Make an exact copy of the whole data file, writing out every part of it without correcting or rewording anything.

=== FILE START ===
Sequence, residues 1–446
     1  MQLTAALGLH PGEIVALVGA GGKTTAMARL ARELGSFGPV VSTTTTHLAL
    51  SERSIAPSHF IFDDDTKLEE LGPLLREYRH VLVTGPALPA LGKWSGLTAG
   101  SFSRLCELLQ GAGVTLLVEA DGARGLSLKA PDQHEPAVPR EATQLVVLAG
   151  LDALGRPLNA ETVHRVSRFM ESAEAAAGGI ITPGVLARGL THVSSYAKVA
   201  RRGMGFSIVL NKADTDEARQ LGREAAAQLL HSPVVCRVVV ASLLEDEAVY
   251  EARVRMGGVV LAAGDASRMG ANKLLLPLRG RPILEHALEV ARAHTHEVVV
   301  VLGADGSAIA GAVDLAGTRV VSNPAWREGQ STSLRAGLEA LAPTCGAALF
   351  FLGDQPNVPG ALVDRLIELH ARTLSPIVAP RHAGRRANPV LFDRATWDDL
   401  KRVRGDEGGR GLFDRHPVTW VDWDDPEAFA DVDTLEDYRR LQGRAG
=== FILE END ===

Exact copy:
Sequence, residues 1–446
     1  MQLTAALGLH PGEIVALVGA GGKTTAMARL ARELGSFGPV VSTTTTHLAL
    51  SERSIAPSHF IFDDDTKLEE LGPLLREYRH VLVTGPALPA LGKWSGLTAG
   101  SFSRLCELLQ GAGVTLLVEA DGARGLSLKA PDQHEPAVPR EATQLVVLAG
   151  LDALGRPLNA ETVHRVSRFM ESAEAAAGGI ITPGVLARGL THVSSYAKVA
   201  RRGMGFSIVL NKADTDEARQ LGREAAAQLL HSPVVCRVVV ASLLEDEAVY
   251  EARVRMGGVV LAAGDASRMG ANKLLLPLRG RPILEHALEV ARAHTHEVVV
   301  VLGADGSAIA GAVDLAGTRV VSNPAWREGQ STSLRAGLEA LAPTCGAALF
   351  FLGDQPNVPG ALVDRLIELH ARTLSPIVAP RHAGRRANPV LFDRATWDDL
   401  KRVRGDEGGR GLFDRHPVTW VDWDDPEAFA DVDTLEDYRR LQGRAG